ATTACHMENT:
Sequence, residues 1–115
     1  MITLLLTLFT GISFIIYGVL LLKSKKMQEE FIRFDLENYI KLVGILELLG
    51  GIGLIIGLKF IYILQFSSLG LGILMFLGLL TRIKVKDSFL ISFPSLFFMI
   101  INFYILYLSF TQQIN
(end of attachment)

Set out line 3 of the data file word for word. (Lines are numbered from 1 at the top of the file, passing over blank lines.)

    51  GIGLIIGLKF IYILQFSSLG LGILMFLGLL TRIKVKDSFL ISFPSLFFMI